Music included Jean Knight - Mr Big Stuff, Temptations - Get Ready, Prince - Sign O' The Times, James Brown - She's The One, Beginning of The End - Funky Nassau, Funkadelic - One Nation Under a Groove, S Express - Theme From S Express, Jackson Sisters - I Believe In Miracles, Womack & Womack - Teardrops, War - Low Rider, J Walter Negro - Shoot The Pump, Gil Scott Heron - Bottle (very long live version)

The Cut Out Club was initially run by Simon McKay, Tom and Sue.  Later it was Simon, Big Shaun and Elaine Capper.

Simon and Tom's previous attempt to launch their own club had run into inevitable problems. Their venue had been an absolutely surreal DIY build of a club called RJR that was actually the basement of an Afro Caribbean hairdresser. The place was totally unlicensed so the bar was raffle ticket driven i.e. if you bought a ticket for £1 and miraculously always won a can of Red Stripe. However, after a few amazing nights, the club became a little too well known and was raided on a Sunday night by police with Alsatians.

Meanwhile, back in the real world, after watching the Fusion Factory die a slow and painful death, Marek had given up on Fridays in the Mayfair's back room.  Cursed as the room was, it wasn't empty for long before being re-launched by Simon and Tom (not to be confused with the manager of the Trent House) as the 'Cut Out Club' with a new music policy and some very determined publicity that didn't just focus on the town centre but got into the areas where the target audience actually lived like Heaton, Jesmond and Fenham. The first few weeks were very heavily subscribed and the music was popular with the dancers but that grotty cramped room was always going to be a problem, particularly as so many of the attendees also went to Rockshots each week and had that as a much more upmarket point of reference. Attendances dropped off dramatically and then stayed at a plateau for about a year. At times it seemed to be dying but was then revived with more publicity and a name change to 'Groove Block'. Life was finally extinguished in early 1989 when new competition from 'Roots' (taking place in the Red House) proved too much. Ironically, the Cut Out Club did return for what was billed as a 'one night stand' on a Saturday in May 1989 when it packed out the Red House!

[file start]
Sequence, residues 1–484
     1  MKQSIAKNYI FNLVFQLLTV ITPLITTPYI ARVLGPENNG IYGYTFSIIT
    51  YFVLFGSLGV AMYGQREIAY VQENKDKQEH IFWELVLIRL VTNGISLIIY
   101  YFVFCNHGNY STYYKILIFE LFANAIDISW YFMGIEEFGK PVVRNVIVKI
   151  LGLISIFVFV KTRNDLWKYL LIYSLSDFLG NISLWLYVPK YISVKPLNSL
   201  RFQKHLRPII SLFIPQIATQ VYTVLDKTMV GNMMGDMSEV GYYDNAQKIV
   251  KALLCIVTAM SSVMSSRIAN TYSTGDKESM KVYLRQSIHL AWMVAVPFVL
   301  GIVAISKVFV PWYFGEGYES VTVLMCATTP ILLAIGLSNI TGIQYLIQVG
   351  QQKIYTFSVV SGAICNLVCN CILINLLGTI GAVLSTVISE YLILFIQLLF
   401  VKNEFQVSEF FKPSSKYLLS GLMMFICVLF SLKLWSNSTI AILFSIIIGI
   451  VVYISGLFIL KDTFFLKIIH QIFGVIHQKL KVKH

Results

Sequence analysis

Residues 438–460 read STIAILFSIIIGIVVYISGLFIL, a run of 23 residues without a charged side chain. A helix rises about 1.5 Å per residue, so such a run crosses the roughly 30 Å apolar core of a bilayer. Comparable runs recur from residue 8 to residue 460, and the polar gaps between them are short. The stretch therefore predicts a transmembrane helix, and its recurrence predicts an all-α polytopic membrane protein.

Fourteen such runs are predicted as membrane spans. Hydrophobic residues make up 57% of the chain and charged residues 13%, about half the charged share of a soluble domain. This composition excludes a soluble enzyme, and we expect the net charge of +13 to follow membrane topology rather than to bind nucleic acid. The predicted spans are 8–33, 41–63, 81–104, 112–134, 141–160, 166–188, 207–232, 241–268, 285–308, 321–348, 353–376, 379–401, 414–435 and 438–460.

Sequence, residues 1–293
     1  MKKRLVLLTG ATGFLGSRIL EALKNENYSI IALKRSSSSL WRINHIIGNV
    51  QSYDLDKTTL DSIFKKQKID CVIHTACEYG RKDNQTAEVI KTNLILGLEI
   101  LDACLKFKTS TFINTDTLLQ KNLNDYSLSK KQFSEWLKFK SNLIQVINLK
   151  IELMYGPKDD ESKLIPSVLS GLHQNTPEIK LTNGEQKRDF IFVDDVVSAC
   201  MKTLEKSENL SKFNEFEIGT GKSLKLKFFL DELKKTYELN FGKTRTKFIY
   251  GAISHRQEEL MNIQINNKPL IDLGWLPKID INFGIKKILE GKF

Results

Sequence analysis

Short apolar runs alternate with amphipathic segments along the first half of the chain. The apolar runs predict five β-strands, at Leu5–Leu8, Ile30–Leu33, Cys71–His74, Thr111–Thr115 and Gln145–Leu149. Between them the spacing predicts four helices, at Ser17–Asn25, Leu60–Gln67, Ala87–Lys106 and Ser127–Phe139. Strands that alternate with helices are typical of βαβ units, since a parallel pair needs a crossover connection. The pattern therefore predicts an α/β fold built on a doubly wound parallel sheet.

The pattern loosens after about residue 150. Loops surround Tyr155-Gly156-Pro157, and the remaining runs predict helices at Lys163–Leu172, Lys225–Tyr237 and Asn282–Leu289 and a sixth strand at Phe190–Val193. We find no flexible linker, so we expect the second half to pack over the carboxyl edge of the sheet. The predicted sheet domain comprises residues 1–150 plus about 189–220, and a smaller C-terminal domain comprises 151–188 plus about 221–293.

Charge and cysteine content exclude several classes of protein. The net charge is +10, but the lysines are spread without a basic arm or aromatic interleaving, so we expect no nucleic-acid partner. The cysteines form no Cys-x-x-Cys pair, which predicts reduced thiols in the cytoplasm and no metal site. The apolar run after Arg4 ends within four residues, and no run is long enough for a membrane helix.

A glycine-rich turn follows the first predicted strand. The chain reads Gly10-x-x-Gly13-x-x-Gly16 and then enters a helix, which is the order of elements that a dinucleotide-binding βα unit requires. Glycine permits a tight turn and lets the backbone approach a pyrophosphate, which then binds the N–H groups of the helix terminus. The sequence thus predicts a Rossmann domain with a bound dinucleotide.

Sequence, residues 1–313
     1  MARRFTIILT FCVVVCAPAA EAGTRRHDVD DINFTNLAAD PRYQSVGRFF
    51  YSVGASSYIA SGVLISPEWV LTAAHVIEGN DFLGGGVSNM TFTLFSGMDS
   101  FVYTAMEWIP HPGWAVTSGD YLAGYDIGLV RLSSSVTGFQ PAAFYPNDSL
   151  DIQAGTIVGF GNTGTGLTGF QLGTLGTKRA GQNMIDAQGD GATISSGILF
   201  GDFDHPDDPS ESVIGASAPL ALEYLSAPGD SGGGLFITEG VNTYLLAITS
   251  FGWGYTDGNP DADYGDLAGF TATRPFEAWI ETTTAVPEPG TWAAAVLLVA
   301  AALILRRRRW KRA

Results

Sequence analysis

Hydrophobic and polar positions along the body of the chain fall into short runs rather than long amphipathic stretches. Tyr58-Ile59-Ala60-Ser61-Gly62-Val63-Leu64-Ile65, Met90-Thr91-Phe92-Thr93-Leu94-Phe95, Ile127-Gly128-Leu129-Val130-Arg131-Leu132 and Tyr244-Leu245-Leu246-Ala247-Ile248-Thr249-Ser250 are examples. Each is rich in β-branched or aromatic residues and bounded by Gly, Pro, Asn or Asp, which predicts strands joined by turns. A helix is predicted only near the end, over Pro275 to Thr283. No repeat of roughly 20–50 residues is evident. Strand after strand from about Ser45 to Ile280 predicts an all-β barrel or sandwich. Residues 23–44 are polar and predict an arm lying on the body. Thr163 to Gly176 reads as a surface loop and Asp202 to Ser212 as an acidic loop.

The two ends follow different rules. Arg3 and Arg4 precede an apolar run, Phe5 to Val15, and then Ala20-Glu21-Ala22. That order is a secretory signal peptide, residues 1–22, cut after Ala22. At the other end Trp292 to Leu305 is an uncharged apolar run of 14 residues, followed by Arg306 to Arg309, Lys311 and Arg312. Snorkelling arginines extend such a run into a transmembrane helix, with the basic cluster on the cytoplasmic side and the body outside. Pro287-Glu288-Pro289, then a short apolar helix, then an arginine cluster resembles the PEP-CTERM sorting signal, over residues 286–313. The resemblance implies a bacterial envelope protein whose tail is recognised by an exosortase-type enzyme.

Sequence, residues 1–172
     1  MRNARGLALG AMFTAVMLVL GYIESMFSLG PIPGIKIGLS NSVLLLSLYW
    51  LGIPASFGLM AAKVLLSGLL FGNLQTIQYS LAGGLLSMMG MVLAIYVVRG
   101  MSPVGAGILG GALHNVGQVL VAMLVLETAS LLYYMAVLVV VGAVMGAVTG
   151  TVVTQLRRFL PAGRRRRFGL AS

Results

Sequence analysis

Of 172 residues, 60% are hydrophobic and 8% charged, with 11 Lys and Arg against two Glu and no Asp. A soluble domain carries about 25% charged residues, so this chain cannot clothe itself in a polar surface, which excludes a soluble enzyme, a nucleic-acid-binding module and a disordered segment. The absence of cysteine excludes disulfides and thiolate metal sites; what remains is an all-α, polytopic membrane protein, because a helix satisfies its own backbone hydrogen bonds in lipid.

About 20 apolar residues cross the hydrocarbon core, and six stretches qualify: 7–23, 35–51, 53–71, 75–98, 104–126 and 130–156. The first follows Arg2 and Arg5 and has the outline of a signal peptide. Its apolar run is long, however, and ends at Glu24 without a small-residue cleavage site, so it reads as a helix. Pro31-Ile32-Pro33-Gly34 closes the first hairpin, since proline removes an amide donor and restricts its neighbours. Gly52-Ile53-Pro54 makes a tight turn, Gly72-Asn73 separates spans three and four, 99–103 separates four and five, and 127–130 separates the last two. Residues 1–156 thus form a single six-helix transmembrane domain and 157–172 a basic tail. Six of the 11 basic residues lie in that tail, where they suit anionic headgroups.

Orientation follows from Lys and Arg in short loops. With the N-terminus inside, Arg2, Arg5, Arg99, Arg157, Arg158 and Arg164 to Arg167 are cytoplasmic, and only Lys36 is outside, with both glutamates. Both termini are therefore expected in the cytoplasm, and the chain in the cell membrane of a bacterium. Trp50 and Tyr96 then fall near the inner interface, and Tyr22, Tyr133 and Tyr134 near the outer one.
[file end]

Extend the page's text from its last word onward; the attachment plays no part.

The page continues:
At some point later, probably 1990, the back room of the Mayfair made a comeback with the anti-mainstream, leftfield and very cool night called 'The Drop'.

Upstairs Red House (Quayside)
Fridays 1988-1989

The Mayfair entrance on a Friday night; clientelle for the Rock Club

Roots played lots of contemporary / recent reggae including Tenor Saw - Ring the Alarm and various Gregory Isaacs and Freddy McGreggor. I didn't recognise much else and don't know anything about who was doing it.

Cluny Warehouse
(Underneath Byker Bridge)
Occasional Friday and Saturday nights circa 1984-1986

Cluny Warehouse ticket: 17 May 1985

The DJ for many of these all nighters was 'Reggae' Mick McCoy.

These were unlicensed all nighters upstairs in the Cluny Warehouse, which at the time, was a death trap with holes in the walls and piles of rubble around the edges of the rooms. This came before the tabloids were interested in what would become known as 'raves' but despite the uncontrolled nature of these nights, they seemed to pass without any dramas. Ju Ju Pell Mell played at one using their amazing square structure of angled mesh drapes. The two band members, Chris and Mick, were accompanied by dense backing tapes and appeared in an almost ghostly form with lights and distorted photographic slide images cast upon them.

This piece is based upon my recollections and notes made at the time but if you are aware of any inaccuracies or would like to add something of your own, please contact me via the site feedback form click here. Archive photos, as relevant as I could find, are taken from


  • Original article published 25/07/11
  • Update to Echoes and Fever 'run by' section 28/07/11 (thanks to Tommy Caulker)
  • Update to Downbeat 'run by' section 27/09/11 (thanks to Manus Doherty)
  • Update to Rathaus 'run by' section 27/09/11 (thanks to Mark Armstrong)
  • Update to Junction 'run by' section 27/09/11 (thanks to Barbara Blair)
  • Added surnames of the people running the clubs (where known) and photos (where available) 27/09/11
  • Update to Downbeat 'run by' section 28/10/12 (thanks to David Rigg)

UPDATE OCTOBER 2015: You can now listen to a one hour radio show about Newcastle's Alternative Club Scene in the 80s Alternative Club.

Other Newcastle pages on this site:

fanzine,post punk,clash,sex pistols,au pairs,delta 5,slits 
Go to home page:click here